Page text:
Action to Control Cardiovascular Risk in Diabetes (ACCORD) Trial: Design and Methods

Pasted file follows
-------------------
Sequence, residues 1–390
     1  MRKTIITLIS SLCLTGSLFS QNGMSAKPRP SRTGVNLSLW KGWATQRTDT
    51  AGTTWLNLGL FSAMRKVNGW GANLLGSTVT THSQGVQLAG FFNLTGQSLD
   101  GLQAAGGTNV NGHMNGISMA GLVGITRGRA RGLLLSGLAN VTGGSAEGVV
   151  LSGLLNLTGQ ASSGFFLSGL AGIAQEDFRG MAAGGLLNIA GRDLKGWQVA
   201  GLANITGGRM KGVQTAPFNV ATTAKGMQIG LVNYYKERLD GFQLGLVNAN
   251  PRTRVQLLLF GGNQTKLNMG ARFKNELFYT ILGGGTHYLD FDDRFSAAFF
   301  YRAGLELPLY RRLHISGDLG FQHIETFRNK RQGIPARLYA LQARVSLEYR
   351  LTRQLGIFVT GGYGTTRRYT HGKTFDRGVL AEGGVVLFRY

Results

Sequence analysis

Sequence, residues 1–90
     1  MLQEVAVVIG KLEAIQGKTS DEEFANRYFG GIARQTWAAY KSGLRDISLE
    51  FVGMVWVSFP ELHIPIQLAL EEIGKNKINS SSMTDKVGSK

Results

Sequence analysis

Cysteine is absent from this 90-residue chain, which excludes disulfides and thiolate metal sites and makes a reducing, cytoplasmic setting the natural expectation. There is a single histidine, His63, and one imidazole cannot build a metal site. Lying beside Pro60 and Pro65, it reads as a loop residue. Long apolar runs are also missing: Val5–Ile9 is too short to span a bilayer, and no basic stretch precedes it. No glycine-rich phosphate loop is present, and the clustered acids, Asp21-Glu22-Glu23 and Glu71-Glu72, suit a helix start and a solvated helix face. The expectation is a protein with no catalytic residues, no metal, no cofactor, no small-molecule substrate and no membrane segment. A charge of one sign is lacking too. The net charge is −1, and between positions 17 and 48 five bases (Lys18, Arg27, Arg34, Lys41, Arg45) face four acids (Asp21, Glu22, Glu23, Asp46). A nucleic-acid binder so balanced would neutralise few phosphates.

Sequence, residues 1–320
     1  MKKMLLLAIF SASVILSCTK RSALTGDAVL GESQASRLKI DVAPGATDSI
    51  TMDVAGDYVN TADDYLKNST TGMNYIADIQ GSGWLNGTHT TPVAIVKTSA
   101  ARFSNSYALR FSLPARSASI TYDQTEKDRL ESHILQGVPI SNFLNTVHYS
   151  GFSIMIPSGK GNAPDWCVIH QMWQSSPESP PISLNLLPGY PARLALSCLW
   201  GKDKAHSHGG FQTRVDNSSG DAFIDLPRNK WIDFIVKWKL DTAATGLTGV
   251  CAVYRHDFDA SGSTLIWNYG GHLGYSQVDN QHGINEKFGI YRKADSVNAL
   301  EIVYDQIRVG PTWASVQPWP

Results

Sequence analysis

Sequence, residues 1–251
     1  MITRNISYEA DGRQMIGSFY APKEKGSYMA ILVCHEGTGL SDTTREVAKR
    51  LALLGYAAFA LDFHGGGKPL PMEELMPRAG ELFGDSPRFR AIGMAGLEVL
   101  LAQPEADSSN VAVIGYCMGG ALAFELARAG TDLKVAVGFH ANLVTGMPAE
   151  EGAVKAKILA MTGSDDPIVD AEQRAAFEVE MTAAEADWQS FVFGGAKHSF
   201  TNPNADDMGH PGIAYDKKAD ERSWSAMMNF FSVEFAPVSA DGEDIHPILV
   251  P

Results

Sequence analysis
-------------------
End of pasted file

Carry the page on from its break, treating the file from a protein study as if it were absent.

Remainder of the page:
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Most patients with type 2 diabetes mellitus develop cardiovascular disease (CVD), with substantial loss of life expectancy. Nonfatal CVD contributes greatly to excess healthcare costs and decreased quality of life in patients with diabetes. The current epidemic of obesity has raised expectations that CVD associated with type 2 diabetes will become an even greater public health challenge. Despite the importance of this health problem, there is a lack of definitive data on the effects of the intensive control of glycemia and other CVD risk factors on CVD event rates in patients with type 2 diabetes. The Action to Control Cardiovascular Risk in Diabetes (ACCORD) trial is a randomized, multicenter, double 2 x 2 factorial design study involving 10,251 middle-aged and older participants with type 2 diabetes who are at high risk for CVD events because of existing CVD or additional risk factors. ACCORD is testing the effects of 3 medical treatment strategies to reduce CVD morbidity and mortality. All participants are in the glycemia trial, which is testing the hypothesis that a therapeutic strategy that targets a glycosylated hemoglobin (HbA1c) level of <6.0% will reduce the rate of CVD events more than a strategy that targets an HbA1c level of 7.0%-7.9%. The lipid trial includes 5,518 of the participants, who receive either fenofibrate or placebo in a double-masked fashion to test the hypothesis of whether, in the context of good glycemic control, a therapeutic strategy that uses a fibrate to increase high-density lipoprotein cholesterol and lower triglyceride levels together with a 3-hydroxy-3-methylglutaryl coenzyme A reductase inhibitor (statin) to lower low-density lipoprotein cholesterol will reduce the rate of CVD events compared with a strategy that uses a statin plus a placebo. The blood pressure trial includes the remaining 4,733 participants and tests the hypothesis that a therapeutic strategy that targets a systolic blood pressure of <120 mm Hg in the context of good glycemic control will reduce the rate of CVD events compared with a strategy that targets a systolic blood pressure of <140 mm Hg. The primary outcome measure for all 3 research questions is the first occurrence of a major CVD event, specifically nonfatal myocardial infarction, nonfatal stroke, or cardiovascular death. Upon the expected completion of participant follow-up in 2009, the ACCORD trial should document for the first time the benefits and risks of intensive glucose control, intensive blood pressure control, and the combination of fibrate and statin drugs in managing blood lipids in high-risk patients with type 2 diabetes.
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